Saturday, October 23, 2010

my take on the bully thing

[as i wrote this i realized that i should note that if you find yourself one of my facebook friends, you're probably not real high on the list of people i'm talking about below. i still remember names, and i am not "friends" with any of them. why would i want to be?]

so i read a series of posts from single dad laughing about bullies. you can, and probably should, read his posts (in order) herehere, and here. a lot of people seemed to like them, and they've made the viral rounds, what with the recent spate of suicides of kids who've been bullied for one reason or another.

i see what he's saying. and maybe he's right.

but i can't bring myself to extend love to bullies.

like many, i was bullied as a child. in elementary and middle school, i went to a tiny (as in 10 kids in my class tiny) private religious school. while the academic curriculum was excellent, the social environment was, for me, totally abysmal. i very quickly became the out kid, and in a school that tiny, there aren't even other out kids to make friends with. the only real relief was in 8th grade, when there were only two kids in my class (and i was one), and there was nobody in 7th grade. i endured all the usual taunts, and had all the usual things done to me. and for a variety of reasons, i had no further social interaction beyond school and the tiny, hostile religious community i grew up in.

sometimes even summer was not a relief. for a couple of years i went to a religious day camp, and was picked on and bullied there. i was from texas, i talked funny (having a draw in chicago makes you stand out, and while mine isn't very thick, they noticed it), i was weaker and slower and didn't know all the games they played and was physically uncoordinated anyway, i was new to the camp, wasn't as observant as they were, and so on and so forth. i was locked in disgusting public park bathrooms, pulled under water in the swimming pools (in an attempt to drown me), had my trunks ripped off so that i had to leave the pool naked, was taunted and punched on the bus, and on and on and on.

in high school it was more of the same. i was the damned nerd, completely unathletic, perceived as gay because i didn't have a girlfriend (what girl would have wanted me?), i was ugly and looked stupid and dressed funny and smelled bad and i was jewish. i lived out of district and didn't have a car and had to take the city bus (not even the school bus) home. when my dad was supposed to pick me up, he was usually late, and i got stuck on the steps waiting for hours at a time. i was taunted and called names, spit on, had my locker broken into and my belongings urinated upon, had my locker's lock broken so that i had to get it cut off (on multiple occasions). as my grades deteriorated, i got bullied for that too. because of my grades i was unable to participate in extracurricular activities, and i got harassed for that as well. when i wound up being classified a junior a second time, it got predictably worse.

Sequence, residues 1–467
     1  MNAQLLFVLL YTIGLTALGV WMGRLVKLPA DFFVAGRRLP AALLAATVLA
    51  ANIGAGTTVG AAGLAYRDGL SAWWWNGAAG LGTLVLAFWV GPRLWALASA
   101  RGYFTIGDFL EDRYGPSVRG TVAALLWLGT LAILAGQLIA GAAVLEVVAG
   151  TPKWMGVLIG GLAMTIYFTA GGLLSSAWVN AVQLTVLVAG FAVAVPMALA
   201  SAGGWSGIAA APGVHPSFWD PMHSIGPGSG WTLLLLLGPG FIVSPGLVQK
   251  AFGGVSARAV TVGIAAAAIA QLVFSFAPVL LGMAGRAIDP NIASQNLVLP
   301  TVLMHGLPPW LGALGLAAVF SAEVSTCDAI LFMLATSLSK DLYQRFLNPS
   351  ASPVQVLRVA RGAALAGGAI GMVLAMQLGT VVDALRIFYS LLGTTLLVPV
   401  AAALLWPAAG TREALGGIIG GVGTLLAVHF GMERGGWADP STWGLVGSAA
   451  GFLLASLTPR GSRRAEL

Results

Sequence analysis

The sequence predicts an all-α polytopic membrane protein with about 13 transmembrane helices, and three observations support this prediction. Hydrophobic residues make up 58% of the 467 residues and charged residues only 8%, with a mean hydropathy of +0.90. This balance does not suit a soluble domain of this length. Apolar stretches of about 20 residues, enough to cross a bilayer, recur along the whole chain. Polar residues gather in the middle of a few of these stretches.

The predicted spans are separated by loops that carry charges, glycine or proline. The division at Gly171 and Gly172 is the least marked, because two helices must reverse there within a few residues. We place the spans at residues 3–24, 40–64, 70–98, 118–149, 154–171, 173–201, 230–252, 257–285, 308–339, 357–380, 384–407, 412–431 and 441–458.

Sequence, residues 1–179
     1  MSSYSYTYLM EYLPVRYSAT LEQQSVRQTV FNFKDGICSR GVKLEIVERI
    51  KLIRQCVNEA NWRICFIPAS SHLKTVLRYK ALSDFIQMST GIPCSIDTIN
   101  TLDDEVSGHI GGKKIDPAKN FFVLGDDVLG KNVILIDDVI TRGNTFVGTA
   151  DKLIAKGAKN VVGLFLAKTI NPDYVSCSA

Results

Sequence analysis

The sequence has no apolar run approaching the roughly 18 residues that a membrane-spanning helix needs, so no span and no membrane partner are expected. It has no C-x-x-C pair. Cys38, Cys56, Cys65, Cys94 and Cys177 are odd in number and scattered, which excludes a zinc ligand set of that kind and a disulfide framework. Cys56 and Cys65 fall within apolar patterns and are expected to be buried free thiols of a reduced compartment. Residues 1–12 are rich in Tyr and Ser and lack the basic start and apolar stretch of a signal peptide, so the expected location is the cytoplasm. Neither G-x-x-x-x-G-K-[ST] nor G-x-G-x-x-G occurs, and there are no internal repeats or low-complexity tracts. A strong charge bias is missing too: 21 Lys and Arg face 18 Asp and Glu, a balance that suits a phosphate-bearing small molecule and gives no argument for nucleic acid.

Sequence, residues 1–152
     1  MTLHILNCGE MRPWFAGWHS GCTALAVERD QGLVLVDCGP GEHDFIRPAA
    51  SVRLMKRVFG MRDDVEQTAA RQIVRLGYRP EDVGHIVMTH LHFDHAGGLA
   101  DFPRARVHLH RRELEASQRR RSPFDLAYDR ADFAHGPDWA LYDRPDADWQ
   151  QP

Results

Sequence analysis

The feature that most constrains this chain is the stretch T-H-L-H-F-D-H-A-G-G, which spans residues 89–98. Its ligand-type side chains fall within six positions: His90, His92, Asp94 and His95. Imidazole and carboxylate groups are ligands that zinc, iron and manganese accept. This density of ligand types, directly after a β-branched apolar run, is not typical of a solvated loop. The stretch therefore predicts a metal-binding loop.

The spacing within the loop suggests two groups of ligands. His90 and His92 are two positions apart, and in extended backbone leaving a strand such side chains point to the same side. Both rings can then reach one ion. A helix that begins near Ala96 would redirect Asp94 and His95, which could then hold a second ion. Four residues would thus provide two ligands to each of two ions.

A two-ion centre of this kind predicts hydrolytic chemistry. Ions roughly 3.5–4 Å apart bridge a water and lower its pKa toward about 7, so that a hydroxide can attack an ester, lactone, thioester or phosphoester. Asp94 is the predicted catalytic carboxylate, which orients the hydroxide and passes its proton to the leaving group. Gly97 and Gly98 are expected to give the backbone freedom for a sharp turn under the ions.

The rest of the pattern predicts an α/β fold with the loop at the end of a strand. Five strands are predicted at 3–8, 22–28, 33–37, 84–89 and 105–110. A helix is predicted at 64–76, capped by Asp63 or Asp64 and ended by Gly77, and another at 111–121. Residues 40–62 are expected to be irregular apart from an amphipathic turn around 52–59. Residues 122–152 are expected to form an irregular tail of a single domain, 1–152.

in all three places, i had acquaintances, but no real friends. nobody bothered to defend me: not other kids, not teachers, not administrators, not counselors. as my reactions became less and less acceptable, i was punished for my outbursts (and i was taunted for that too), but nothing ever seemed to happen to my tormentors. they continued to feel free to throw food and piss on my stuff and steal my belongings and shove broom sticks up my ass (yes, really).

unlike single dad laughing, i did not mark out my pictures in my yearbooks. i couldn't even bring myself to look at them at all (and i still find pictures of myself horrific). at least for the ones that weren't stolen from me before i even got them home (yes, assholes stole my yearbooks), i threw them on a bookshelf and never looked at them again. in time, i threw them away completely. i did not then, and do not now, ever want to relive that misery. school was never a joy to me; i do not go to reunions, hang out with "buddies," or have nostalgic reminiscences about my life as a high school student. my experience was that every moment was a constant threat, and i was always in fear that i'd be hit, insulted, taunted or degraded at any moment.

i still feel the same way today. most interactions i have with other people feel hostile and threatening, even with my own family, and even if some more normal person wouldn't find them that way. i still don't really have any social friends to speak of, and my life continues to feel like one downward spiral after another. there is no light at the end of the tunnel; there is no tunnel. there is only an endless pit, and the question is not whether or not i will fall into it, but only how fast i will descend.

i told one person a couple weeks ago that our nightly conversations, which happen over skype and which usually end with her falling asleep and snoring in my ear (she's been sawing logs for the better part of an hour as i write this), is the only non-threatening interaction i have in a given day. whether it's work or school, a visit to a doctor or going out on a hot date with a cute chick, i live in terror and loathing and doubt.